The top-of-the-line Mercedes-Benz S-Class traces its lineage to the W108 platform, and this 1966 250C is a gorgeous and quaintly basic example of the breed.
It was funny that this S-Class descendant was parked near a more recent model…
…and an even more recent model. The florid curves of the ’66 stand in sharp contrast to the newer one’s tightly limned lines.
This 250S is sagging a bit in the rear, but even so, note how low the trunk line is compared to the Jetta next door. Also, from here we can see one heckuva large steering wheel.
Noted French car designer Paul Barcq styled the W108 with classic simplicity and a feeling of athletic heftiness.
The door handles are wrought in deliciously thick metal.
Dog-dish hubcaps that didn’t cover the entire rim sometimes connoted cheapness, but here, they add to the W108’s clean grace.
Carrying the body color unbroken to the wheels makes them an elegantly integrated element of the overall look.
Tail lights are small, and they’re flanked by chrome above and below. That chrome, along with the downturned lenses, meant that the tail lights had a chance at surviving a low-speed tap. It’s the kind of functional design that was the antithesis of Detroit’s devil-may-care styling flourishes.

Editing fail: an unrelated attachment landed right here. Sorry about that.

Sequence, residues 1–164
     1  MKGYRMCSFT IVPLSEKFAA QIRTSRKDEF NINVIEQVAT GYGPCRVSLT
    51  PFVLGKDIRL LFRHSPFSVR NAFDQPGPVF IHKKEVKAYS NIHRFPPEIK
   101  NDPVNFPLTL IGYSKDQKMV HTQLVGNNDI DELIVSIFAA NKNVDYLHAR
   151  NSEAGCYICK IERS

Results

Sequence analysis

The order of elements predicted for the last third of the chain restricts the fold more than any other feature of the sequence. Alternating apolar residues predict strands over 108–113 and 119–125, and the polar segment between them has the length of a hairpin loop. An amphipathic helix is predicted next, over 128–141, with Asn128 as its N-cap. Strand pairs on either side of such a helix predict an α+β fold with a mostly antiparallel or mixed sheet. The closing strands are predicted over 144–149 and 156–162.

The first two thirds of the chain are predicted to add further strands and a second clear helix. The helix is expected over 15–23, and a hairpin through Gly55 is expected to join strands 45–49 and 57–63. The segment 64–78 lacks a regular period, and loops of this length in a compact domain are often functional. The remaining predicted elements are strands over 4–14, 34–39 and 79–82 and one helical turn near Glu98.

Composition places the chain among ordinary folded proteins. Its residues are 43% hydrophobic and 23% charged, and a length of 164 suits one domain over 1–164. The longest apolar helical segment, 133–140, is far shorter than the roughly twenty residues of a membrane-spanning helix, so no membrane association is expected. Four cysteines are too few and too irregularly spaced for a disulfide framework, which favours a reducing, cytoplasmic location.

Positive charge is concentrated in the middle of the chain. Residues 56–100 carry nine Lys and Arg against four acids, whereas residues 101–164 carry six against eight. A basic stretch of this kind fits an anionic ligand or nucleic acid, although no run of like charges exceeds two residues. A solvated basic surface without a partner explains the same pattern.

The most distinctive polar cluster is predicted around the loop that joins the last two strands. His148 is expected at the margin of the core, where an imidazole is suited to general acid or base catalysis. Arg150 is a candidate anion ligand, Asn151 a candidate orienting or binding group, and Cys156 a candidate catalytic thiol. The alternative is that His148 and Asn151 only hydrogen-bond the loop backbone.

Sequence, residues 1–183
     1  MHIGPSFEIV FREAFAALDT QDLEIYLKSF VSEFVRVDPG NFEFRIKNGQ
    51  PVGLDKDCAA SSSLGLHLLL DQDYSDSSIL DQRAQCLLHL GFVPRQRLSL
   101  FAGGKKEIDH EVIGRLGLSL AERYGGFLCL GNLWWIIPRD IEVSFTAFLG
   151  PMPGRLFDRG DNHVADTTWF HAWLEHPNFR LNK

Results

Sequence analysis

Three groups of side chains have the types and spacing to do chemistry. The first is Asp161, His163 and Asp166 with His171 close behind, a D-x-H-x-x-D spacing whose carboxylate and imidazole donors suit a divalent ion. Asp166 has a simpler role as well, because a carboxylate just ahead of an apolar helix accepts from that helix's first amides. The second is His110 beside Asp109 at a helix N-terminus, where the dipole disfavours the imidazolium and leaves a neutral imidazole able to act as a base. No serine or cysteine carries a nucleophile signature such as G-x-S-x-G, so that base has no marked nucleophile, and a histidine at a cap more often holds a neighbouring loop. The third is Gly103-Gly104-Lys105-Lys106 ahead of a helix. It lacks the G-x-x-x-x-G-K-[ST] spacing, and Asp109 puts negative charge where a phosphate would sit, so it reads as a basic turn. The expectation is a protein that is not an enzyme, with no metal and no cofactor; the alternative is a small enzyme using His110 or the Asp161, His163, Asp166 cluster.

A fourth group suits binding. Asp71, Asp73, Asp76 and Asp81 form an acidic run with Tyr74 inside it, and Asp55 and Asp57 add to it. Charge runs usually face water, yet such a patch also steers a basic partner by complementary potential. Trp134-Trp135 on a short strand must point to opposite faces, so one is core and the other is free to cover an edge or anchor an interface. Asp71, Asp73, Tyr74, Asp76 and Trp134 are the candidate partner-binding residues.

We can’t forget the majestic Mercedes grille, complete with intricate egg-crate patterning to draw your eye immediately to it. And that beefy radiator-topping ornament looks like it could driven through a house and still be standing.
Bullet-like turn signal lenses are an unexpectedly extroverted detail.
The glassiness of the W108’s greenhouse gives wide-open views to the outside, and from the outside in.
Vent windows were everywhere in new cars in the 1960s. They were a necessity if you wanted to dump your cigarette ashes outside without rolling down your window.
The elegant simplicity continues inside, with straightforward horizontal lines defining the dashboard. Even the genuine wood is looking good on this one, and there’s wiring for our modern world.
Love that giant white steering wheel…
…and its spokes are cracked but generally still intact.
The twentysomething owner of this 250S popped out of one of this shopping center’s stores to see who was lingering around their car, and with good reason – he said that it’s a one-family car that had been passed down through the generations to land in his care.
He was clearly bonded to it, and to enjoy the look of a car and then feel the owner’s bond to it is a neat thing; it completes the circle of understanding how it came to be sitting in this parking space, looking as good as it does.
Walking back to my Toyota Yaris test car, I noticed another blue-plate California gem, this late-’70s 450SLC.
It was just a good day to be Mercedes-spotting at this particular mall.